This is a list of 31 different types of houses—photos included.
We’re here to help. We’ve compiled a list of the 31 most popular types of homes. Some are very common, like single family homes and ranch-style homes, and some aren’t seen very often. It’s very rare, for instance, to see a legitimate castle being used as a private home in the United States.
If you’re looking for your first home, you’ve probably realized there’s a bunch of different house styles, structures, and terminology.
Understanding these different types of houses can help you understand the pros and cons of each type, as you continue looking for your dream home.
Let’s get started.
The 31 Different House Types (with Photos)
#1. Single Family (Detached)
Single-family homes are completely detached from other structures. They are the most common type of home in the United States, but are less common in crowded urban areas where space is at a premium. Single family homes are popular because of the level of privacy and choice that comes along with owning a private home.
Condominiums, popularly known as condos, are similar to apartments, in that there are usually several units in a single building. They’re great in urban areas where single-family homes can’t be built. Condo owners usually pay an association or maintenance fee in exchange for having all repairs and maintenance covered. Unlike apartments, condominiums are purchased, not rented.
Apartments are collections of units that are contained in a building. The defining factor that sets apartments apart is that they are rented from a landlord instead of being purchased. Apartments are popular because repairs and maintenance are usually accounted for in the price of rent. The big downside here is that apartment renters don’t end up owning their homes.
As the name suggests, co-ops are cooperative housing, which means that residents buy a share of the property’s owning company instead of a piece of the actual property itself. Buying more shares is usually related to having more space in the co-op. This option can be much less expensive than buying a condo or traditional home, but residents must give up quite a bit of freedom to peacefully coexist.
Townhomes are individual units that are connected to another unit by at least one wall. Each unit has its own entrance from outside. Townhomes can easily be confused with apartments, because they are often located in multi-unit structures and don’t always look significantly different.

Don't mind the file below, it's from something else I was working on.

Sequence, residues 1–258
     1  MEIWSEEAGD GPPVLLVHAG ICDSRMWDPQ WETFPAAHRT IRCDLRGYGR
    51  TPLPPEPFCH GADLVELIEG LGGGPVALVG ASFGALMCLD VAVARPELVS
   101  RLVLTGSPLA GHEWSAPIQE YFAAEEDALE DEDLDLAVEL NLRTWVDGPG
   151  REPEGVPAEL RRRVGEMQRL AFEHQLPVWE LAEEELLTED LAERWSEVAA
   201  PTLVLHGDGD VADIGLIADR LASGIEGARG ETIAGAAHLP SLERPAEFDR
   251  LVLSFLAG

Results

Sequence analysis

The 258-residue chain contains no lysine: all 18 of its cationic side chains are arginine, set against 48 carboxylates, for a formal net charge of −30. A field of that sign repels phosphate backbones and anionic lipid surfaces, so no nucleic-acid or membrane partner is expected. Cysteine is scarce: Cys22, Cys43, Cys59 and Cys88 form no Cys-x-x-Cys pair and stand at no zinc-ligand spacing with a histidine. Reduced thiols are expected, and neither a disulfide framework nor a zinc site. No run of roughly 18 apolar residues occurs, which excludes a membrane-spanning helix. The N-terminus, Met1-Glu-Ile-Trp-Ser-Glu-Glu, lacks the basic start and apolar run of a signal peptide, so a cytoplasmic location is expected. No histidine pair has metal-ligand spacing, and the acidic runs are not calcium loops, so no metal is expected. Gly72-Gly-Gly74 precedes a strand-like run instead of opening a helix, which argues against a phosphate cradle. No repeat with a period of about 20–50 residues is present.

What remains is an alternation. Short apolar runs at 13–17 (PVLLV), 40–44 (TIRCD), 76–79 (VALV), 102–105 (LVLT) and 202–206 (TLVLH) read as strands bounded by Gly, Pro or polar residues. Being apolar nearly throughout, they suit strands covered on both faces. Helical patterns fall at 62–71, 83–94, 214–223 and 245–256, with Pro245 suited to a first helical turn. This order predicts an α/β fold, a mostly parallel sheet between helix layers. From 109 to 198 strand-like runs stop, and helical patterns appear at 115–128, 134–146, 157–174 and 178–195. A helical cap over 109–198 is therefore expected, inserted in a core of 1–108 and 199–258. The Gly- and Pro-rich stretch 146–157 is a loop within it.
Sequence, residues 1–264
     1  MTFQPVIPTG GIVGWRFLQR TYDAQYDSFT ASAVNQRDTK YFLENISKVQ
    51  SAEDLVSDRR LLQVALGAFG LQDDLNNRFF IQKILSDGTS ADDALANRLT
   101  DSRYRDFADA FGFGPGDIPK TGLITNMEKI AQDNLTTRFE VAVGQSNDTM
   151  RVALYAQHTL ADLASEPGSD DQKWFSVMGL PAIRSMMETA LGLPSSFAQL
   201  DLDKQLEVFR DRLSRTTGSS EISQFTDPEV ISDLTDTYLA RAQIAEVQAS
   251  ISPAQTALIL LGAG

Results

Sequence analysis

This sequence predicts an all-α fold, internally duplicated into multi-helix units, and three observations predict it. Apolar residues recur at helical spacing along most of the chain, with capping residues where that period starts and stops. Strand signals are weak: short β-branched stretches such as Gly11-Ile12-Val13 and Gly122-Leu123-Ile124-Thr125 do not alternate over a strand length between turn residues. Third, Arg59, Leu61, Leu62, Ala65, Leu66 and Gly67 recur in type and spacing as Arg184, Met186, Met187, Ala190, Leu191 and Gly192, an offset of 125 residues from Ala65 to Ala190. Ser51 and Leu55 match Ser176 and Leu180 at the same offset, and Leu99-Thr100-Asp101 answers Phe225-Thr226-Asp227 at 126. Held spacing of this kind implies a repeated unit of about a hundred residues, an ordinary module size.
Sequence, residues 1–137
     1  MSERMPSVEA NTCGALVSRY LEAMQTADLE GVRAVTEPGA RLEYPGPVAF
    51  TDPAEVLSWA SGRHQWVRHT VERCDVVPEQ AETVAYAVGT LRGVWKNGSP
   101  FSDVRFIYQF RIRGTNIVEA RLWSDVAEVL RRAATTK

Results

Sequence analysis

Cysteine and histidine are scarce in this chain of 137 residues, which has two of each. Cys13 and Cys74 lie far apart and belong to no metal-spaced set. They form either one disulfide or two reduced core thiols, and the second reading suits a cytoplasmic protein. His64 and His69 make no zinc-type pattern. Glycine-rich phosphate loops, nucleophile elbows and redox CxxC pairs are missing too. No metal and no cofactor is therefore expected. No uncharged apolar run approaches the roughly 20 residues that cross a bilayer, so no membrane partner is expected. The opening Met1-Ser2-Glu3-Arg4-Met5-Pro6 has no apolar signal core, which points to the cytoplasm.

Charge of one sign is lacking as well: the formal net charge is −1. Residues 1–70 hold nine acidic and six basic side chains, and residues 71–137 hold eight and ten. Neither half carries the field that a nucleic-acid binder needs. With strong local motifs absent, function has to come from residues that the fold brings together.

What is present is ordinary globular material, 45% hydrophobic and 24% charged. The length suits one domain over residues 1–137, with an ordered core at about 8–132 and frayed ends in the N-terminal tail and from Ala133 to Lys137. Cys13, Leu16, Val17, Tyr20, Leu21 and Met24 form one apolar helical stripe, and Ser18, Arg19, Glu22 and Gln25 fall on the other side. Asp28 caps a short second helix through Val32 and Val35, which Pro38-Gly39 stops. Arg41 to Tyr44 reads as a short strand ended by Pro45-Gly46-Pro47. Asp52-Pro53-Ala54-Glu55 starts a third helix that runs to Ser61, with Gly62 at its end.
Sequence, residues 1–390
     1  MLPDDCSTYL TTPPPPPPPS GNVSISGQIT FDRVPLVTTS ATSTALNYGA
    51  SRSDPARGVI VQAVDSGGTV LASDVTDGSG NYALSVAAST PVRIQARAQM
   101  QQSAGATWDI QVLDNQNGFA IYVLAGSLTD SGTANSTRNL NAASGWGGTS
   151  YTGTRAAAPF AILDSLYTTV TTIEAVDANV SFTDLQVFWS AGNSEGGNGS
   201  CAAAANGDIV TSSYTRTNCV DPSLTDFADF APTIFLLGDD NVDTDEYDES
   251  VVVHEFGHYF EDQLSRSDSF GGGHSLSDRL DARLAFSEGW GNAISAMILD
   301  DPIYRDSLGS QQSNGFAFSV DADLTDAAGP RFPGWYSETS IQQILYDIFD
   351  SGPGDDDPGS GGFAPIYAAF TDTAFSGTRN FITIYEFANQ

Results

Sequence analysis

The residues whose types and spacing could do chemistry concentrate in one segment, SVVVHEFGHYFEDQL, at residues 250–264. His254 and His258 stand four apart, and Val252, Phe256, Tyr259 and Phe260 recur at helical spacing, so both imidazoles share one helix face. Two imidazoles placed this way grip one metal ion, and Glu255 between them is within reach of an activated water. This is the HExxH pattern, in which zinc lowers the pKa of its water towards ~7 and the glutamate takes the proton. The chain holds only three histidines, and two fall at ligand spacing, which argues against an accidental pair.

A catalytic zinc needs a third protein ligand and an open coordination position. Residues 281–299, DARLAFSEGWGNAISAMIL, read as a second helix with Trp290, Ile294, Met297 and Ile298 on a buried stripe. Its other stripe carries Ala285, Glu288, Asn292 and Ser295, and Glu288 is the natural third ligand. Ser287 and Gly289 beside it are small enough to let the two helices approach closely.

Bungalows are single-story homes that are usually quite small. This type of home usually has a covered porch area, either in front or back. Bungalows are popular in California and other heavily populated areas where real estate is scarce.
Ranch homes originated in the United States, and are typically long, low houses with open layouts. Ranch homes can also have two floors, which sometimes leads to them being called raised ranch homes. The style was massively popular in the 1970s and 1980s.
Cottages are small homes located usually in the countryside or other rural areas. These homes were made popular by older English homes, because of their straw and thatched roofs. Many people today will refer to a small home as a cottage, regardless of its shape or style, so you may end up with a home that is actually styled as something else.
Cabins are wooden homes that are built in remote areas. New cabin builds have become elaborate, and many people have made them full-time homes, where they were once reserved for woodland travelers, hunters, and vacationers wanting to get away from the bustle of daily life.
A chalet is a wooden house that has overhanging eaves. They are usually found on or near ski resorts and in mountainous areas like the Swiss Alps. While people can live in chalets full-time, their location in or near mountains usually relegates them to vacation rental duty or as a family’s second home.
Multi-family homes can accommodate more than one family, and can be anything from a duplex to small apartment buildings. One of the most common types of multi-family home are duplexes, which are two separate homes built into one structure.
#12. In-law suite (Basement Suite)
In-law suites, or basement suites, are homes that have been built into existing homes for the purpose of housing an elderly relative that can’t live on their own. Many people use the term in-law suite to describe apartments above garages, separate out-buildings, and other structures that can be used as small apartments.
Barndominiums have grown in popularity as a way for people to live in the same structure as their beloved horses. Their rise has led developers to start building non-horse-related barn homes in structures across the country. It’s important to note that the expense sometimes related to converting an old barn into a home can be immense.
#14. Carriage/Coach House
Carriage houses are homes that were originally built to house horses and carriages. They were built as private stables for wealthy families. These don’t always have to be part of a larger estate, but they frequently are. This may make them an auxiliary purchase to buying the main house, but the upside is that having one can drastically increase the value of a property or home.
#15. Tiny home
Tiny homes have become extremely popular in recent years as a less expensive alternative to a single-family home. They’re also easy to transport to remote locations and can be outfitted with high-end materials, finishes, and interior layouts. Some areas, states, and municipalities have been resistant to tiny homes, as their size doesn’t always allow them to meet certain building codes. Over time, however, advocates for the homes have been able to have those regulations changed or amended to allow for the homes.